Editor's note: The original online version of this story was posted on September 23, 2009.
The scale of humanity’s impact on the globe is becoming ever more apparent: we have wiped out species at a rate to rival great extinction events of all geologic time as well as contributing to a rapidly acidifying ocean, dwindling ice caps and even sinking river deltas. Now an international group of 29 scientists has taken a preliminary stab at setting some concrete environmental thresholds for the planet.
Johan Rockström of Stockholm University and his colleagues have proposed nine “planetary boundaries” online in the September 23 Nature. (Scientific American is part of the Nature Publishing Group.) The boundaries, dealing with climate change, ocean acidification, chemical pollution and others, are meant to set thresholds, or safe limits, for natural systems with respect to human impact, although exact numbers have not yet been determined for some.
“We have reached the planetary stage of sustainability, where we are fiddling with hard-wired processes at the global Earth-system scale,” Rockström says. “What are the Earth-system processes that determine the ability of the [planet] to remain in a stable state?”
The research takes as its desired stable state the Holocene epoch, the 10,000 years since the last ice age during which human civilization has flourished, and attempts to identify the key variables that might push planetary cycles past safe thresholds. So, for example, the key variable for climate change is atmospheric carbon dioxide concentration as well as its attendant rise in the amount of trapped heat. At present, atmospheric CO2 has reached 387 parts per million (ppm), well above the preindustrial figure of 280 ppm. The estimated safe threshold identified by the scientists, including NASA climatologist James Hansen, is 350 ppm, or a total increased warming of one watt per square meter (current warming is roughly 1.5 watts per square meter).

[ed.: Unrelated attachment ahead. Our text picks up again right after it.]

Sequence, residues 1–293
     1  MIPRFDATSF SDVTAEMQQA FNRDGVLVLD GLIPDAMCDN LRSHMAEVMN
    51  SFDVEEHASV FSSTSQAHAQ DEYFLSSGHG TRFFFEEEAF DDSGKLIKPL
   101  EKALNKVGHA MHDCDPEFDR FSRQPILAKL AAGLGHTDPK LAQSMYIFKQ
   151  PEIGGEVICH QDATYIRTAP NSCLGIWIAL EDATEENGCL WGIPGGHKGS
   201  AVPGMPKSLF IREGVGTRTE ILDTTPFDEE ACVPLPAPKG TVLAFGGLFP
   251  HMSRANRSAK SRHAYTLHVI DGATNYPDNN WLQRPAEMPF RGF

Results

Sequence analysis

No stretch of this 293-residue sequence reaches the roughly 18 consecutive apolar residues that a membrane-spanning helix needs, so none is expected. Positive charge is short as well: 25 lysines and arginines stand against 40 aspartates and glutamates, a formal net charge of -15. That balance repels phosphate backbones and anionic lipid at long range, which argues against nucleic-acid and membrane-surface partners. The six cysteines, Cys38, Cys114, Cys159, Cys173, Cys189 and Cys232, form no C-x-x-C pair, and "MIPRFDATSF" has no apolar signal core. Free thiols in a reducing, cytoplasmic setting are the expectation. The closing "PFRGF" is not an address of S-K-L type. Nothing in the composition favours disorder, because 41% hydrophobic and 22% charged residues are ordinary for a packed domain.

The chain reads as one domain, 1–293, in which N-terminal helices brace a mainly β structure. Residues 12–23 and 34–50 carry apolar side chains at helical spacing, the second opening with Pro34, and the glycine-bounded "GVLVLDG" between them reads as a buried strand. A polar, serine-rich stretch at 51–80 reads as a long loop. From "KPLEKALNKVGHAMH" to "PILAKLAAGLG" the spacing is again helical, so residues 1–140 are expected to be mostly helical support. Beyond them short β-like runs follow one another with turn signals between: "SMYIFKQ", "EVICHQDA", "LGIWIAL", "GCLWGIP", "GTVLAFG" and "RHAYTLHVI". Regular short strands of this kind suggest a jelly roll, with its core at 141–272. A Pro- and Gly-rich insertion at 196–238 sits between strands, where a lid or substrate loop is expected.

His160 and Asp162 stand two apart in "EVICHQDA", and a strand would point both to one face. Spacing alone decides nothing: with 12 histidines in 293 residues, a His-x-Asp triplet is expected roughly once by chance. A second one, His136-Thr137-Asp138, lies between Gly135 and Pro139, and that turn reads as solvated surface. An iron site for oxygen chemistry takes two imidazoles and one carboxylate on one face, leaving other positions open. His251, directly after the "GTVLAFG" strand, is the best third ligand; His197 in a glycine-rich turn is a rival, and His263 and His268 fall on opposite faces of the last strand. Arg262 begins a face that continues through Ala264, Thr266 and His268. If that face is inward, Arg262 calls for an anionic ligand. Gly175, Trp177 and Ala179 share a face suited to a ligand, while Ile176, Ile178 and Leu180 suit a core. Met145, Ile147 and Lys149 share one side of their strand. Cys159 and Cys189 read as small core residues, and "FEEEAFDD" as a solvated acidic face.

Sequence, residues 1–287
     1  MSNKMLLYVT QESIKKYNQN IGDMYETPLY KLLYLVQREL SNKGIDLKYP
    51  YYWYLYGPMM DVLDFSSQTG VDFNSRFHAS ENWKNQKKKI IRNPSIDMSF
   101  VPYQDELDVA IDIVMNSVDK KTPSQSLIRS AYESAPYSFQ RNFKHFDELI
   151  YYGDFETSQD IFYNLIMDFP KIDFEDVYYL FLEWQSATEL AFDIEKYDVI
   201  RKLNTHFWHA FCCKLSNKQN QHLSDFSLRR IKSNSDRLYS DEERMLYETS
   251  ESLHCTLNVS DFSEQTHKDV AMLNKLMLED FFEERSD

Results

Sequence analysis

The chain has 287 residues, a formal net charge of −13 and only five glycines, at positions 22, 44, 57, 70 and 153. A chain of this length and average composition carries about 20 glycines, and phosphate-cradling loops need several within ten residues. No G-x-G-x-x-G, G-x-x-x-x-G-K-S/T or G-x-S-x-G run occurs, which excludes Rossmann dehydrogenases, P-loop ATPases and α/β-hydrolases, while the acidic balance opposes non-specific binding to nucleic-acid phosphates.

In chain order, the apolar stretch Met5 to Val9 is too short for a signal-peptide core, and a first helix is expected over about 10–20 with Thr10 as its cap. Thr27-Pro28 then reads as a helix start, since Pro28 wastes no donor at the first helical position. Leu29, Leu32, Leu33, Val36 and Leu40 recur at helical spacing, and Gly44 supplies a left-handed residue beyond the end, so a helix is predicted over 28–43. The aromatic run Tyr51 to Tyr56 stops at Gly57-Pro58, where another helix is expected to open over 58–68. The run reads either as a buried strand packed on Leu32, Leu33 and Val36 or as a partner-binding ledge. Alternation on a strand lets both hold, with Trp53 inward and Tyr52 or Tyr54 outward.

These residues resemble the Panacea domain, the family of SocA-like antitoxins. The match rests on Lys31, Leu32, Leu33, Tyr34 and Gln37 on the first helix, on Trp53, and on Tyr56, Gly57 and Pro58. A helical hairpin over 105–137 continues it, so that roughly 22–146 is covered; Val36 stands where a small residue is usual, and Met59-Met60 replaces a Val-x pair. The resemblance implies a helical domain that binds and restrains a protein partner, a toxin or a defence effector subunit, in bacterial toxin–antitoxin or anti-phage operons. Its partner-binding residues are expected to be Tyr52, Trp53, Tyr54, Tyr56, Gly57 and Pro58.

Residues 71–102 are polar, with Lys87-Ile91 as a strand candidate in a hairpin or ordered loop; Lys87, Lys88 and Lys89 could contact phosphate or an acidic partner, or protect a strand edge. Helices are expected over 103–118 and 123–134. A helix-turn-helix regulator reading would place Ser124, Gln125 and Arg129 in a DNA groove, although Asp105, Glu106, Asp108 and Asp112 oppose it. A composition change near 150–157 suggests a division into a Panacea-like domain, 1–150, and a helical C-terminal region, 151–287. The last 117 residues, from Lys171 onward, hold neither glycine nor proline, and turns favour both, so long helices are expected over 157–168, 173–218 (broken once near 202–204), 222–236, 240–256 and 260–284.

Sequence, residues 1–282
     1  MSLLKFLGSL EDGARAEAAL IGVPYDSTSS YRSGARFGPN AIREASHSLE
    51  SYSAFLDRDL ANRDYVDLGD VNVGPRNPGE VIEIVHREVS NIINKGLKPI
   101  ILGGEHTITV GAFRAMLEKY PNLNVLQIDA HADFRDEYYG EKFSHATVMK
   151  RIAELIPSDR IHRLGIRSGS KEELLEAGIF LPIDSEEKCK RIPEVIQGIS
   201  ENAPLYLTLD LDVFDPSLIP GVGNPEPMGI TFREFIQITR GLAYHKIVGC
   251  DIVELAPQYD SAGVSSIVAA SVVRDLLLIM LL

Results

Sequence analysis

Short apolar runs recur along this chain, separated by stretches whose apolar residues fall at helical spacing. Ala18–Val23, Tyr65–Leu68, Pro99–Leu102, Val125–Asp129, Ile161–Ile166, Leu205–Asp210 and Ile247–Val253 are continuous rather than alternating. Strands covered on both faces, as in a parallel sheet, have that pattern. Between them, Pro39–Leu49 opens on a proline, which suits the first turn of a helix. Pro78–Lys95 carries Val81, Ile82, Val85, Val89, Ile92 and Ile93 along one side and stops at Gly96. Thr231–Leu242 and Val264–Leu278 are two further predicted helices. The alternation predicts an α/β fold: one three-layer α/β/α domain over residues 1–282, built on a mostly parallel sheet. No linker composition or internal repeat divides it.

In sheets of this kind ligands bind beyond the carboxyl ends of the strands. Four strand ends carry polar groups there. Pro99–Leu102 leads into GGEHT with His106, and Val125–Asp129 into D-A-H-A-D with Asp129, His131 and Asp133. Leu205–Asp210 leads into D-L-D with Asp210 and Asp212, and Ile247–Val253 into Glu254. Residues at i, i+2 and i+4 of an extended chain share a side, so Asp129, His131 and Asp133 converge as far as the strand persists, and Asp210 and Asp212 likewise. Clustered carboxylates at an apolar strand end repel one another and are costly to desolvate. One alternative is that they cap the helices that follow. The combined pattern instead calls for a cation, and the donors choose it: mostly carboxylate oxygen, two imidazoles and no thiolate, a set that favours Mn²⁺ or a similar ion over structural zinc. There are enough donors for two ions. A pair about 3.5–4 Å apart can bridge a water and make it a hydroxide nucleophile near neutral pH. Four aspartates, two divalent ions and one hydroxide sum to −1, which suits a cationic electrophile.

“We begin to quantify, very roughly, where we think these thresholds might be. All have huge error bars,” says ecologist Jonathan Foley, director of the University of Minnesota’s Institute on the Environment and one of the authors. “We don’t know exactly how many parts per million it would take to stop climate change, but we think it starts at about 350 ppm.”
Humanity has already pushed past the safe threshold in two more of the nine identified boundaries—biodiversity loss and available nitrogen (thanks to modern fertilizers). And unfortunately, many of the processes affect one another as well. “Crossing one threshold makes the others more vulnerable,” Foley adds. For example, biodiversity loss “on a really hot planet is accelerated.”
Several scientists laud the effort but criticize the precise thresholds set. Biogeochemist William Schlesinger of the Cary Institute of Ecosystem Studies argues that the limits on phosphorus fertilizer are too lenient and can allow “pernicious, slow and diffuse degradation to persist nearly indefinitely.” Allowing human water use, largely for agriculture, to expand from 2,600 cubic kilometers today to 4,000 cubic kilometers in the future will allow further degradation at such environmental disaster sites as the drying Aral Sea in Asia and seven major rivers, including the Colorado in the U.S., that no longer reach the sea, notes David Molden, deputy director general for research at the International Water Management Institute in Sri Lanka. (One cubic kilometer of water equals about 264 trillion gallons.*)
Even the 350-ppm limit for carbon dioxide is “questionable,” says physicist Myles Allen of the Climate Dynamics Group at the University of Oxford. Instead he thinks that focusing on keeping cumulative emissions below one trillion metric tons might make more sense—although that means humanity has already used up more than half of its overall emissions budget.[break]
Regardless of impacts on the planet, the human condition has likely never been better in terms of material prosperity. The question is: “How do you continue to improve the human condition?” Foley asks. “How can we sustain a world that will reach nine billion people without destroying the planet? At least knowing a bit where the danger zones are is a really important first step.”
There are grounds for hope. Humanity has crossed one of these thresholds before—namely, diminishing levels of stratospheric ozone caused by emissions of ozone-destroying chemicals (the “ozone hole”). We pulled back thanks to international cooperation and the 1989 Montreal Protocol. “We did manage to move ourselves away from the ozone boundary and have made serious efforts at regional levels to protect biodiversity; reduce agricultural pollution, aerosols and water demand; and slow land conversion,” points out environmental scientist Diana Liverman of the University of Arizona, one of the authors of the new thresholds. “This provides some hope that we can manage our planetary impact if we choose.”
Note: This article was originally printed with the title, "Setting Boundaries."
*Erratum (1/25/10): The correct conversion is 264 billion gallons.